Gandhi was no doubt perfectly correct in his view of what was needed before emancipation from British power could become a reality: emancipation is, after all, certainly a loftier goal than political independence. But he must have overestimated the capacity of his followers and fellow campaigners to follow the principles he pre­scribed. And there is perhaps an explanation for this; Gandhi seems occasionally to have interpreted all absence of physical violence as the presence of nonviolent action. Moreover, constant repetition of “non-this” and “non-that,” especially of non-violencemust have tended generally to make it seem natural that the work of creat­ing institutions and patterns of moral activity should be subordinated to a negative aim, the avoidance of violence. Nevertheless, an exact analysis of Gandhi’s teachings seems incontrovertibly to show that it was the positive and constructive factors that were his first concern, from which the absence of physical violence was intended to emerge as a natural, and perhaps inevitable, consequence. It is a familiar enough fact, after all, that aggressive tend­encies tend to disappear among those who are inten­sively occupied in constructive work.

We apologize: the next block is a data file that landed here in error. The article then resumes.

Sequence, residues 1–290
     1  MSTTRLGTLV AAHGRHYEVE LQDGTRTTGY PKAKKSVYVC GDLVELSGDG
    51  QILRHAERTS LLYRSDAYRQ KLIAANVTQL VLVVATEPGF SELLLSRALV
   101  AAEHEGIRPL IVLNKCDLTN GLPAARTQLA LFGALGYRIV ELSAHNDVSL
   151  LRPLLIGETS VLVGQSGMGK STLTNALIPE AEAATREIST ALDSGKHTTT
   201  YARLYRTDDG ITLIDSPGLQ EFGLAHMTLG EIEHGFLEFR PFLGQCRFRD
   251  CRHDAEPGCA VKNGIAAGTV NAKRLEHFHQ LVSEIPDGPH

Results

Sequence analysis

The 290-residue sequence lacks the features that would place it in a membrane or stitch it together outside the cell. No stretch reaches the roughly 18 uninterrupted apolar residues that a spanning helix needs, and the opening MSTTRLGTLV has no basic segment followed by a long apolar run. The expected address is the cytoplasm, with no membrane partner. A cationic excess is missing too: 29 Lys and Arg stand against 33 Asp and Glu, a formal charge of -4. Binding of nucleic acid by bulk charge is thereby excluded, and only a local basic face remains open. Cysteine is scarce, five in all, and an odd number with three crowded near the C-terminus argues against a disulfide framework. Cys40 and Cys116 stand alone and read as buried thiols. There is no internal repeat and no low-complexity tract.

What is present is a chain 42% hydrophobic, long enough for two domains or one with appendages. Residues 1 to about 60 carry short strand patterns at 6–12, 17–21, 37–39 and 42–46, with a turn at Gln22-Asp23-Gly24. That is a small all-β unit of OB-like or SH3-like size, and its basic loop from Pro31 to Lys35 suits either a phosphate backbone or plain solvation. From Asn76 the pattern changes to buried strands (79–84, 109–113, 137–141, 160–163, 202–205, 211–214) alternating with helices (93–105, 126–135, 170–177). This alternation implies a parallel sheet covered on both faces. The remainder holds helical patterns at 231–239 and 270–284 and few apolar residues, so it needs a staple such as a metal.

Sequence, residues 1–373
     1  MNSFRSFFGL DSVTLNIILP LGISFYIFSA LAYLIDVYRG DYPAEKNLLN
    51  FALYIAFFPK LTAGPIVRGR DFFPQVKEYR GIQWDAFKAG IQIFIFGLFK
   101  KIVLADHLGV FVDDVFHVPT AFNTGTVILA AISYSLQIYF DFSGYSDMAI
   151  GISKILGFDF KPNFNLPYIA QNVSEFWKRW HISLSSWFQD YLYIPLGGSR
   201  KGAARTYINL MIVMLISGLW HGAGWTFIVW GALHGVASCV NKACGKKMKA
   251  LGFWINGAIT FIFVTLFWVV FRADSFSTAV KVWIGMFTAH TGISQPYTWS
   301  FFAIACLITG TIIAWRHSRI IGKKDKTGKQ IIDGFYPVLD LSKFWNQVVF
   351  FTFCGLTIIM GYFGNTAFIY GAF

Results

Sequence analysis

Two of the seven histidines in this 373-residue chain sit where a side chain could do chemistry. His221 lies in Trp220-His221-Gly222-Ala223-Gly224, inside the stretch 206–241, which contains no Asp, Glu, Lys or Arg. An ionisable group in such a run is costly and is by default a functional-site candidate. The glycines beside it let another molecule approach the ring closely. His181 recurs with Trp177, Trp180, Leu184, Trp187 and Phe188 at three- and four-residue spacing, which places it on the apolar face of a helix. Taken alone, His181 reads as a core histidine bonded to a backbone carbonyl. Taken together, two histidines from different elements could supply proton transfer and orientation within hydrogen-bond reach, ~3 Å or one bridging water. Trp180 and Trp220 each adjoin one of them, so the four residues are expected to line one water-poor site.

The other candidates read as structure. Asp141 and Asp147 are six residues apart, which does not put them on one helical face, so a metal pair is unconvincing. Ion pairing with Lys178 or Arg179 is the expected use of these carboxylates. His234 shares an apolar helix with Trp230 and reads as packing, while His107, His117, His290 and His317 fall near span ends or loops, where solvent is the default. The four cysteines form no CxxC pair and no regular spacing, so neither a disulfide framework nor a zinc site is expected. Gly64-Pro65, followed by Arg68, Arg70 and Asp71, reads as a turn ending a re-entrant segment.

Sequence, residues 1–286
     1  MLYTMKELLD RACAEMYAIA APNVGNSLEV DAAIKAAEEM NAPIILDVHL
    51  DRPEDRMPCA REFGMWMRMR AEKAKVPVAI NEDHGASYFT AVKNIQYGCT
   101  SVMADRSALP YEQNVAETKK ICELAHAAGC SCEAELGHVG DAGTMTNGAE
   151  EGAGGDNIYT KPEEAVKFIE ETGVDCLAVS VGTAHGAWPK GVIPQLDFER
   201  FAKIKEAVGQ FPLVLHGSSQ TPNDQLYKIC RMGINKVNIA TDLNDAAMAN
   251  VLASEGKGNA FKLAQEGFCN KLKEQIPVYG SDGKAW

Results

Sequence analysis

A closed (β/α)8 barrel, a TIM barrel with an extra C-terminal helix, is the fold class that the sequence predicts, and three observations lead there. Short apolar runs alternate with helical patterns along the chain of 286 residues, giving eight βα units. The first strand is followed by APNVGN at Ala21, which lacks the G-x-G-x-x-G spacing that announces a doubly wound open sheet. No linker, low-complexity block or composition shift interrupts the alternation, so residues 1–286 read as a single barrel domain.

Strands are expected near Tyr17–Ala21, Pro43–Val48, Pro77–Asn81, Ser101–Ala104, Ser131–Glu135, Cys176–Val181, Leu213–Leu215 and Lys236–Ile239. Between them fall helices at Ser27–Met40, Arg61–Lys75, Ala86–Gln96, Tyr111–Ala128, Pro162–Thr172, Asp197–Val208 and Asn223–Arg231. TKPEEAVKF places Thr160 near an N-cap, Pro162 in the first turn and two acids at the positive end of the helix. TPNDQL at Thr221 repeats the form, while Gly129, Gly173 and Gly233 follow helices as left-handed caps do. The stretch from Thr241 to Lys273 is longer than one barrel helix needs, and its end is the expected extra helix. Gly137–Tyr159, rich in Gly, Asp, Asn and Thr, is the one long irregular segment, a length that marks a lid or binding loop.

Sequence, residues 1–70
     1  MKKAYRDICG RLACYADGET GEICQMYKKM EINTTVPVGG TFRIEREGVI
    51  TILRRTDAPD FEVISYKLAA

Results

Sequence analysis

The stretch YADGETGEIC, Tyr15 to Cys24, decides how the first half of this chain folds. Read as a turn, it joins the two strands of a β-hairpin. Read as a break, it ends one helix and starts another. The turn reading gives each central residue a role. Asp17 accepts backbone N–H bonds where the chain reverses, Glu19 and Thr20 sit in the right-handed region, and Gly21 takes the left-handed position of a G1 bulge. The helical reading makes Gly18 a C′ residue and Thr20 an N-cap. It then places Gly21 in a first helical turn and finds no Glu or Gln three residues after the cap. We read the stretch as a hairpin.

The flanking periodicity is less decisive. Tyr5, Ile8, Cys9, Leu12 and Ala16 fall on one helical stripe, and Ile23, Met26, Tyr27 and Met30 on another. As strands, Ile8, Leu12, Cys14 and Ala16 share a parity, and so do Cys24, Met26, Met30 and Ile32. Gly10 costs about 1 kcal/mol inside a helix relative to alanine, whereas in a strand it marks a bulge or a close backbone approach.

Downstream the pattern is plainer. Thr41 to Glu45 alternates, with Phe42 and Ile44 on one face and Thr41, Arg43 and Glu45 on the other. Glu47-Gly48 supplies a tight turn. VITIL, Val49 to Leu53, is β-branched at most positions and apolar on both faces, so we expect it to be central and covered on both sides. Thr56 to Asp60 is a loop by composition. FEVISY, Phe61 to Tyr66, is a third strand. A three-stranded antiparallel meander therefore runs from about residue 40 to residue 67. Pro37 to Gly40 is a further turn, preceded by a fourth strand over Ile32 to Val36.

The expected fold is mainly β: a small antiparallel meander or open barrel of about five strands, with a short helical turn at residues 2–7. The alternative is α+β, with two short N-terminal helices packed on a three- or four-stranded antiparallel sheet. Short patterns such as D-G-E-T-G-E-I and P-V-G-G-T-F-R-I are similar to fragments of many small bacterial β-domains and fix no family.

Here, as at other points in Gandhi’s career, we can readily deplore the effect, if such it was, of giving promi­nence to that one key word ahimsa. For to undertake a complicated reform movement requiring a program of construction, the concept of “nonviolence” appears not at all suggestive of that vast amount of energy and initiative which would have to be expended in the process.

Gandhi’s great admirer, Romain Rolland, once asked how the Mahatma’s voice sounded, for he was greatly interested in how Gandhi’s words were able to reach one hundred million people. He received the reply that Gandhi spoke “no louder than we are doing now.” “But then, how can people hear him?” asked Rolland. “They don’t hear him,” was the answer. (4) Although crowds streamed to his meetings, only those people who got nearest to him could hear what he was saying. The rest heard nothing. And if they could not hear his teach­ing, neither could they read it, since most of them were illiterate. In fact, they could hardly have been expected to have any clear idea at all of his moral and political ideas. From the large correspondence Gandhi had with people who had personal access to him, it appears also to have been enormously difficult for people to grasp the mean­ing of Gandhi’s teaching. Certainly it was by no means obvious to the Hindus, nor was it part of their living tradition, as is often maintained.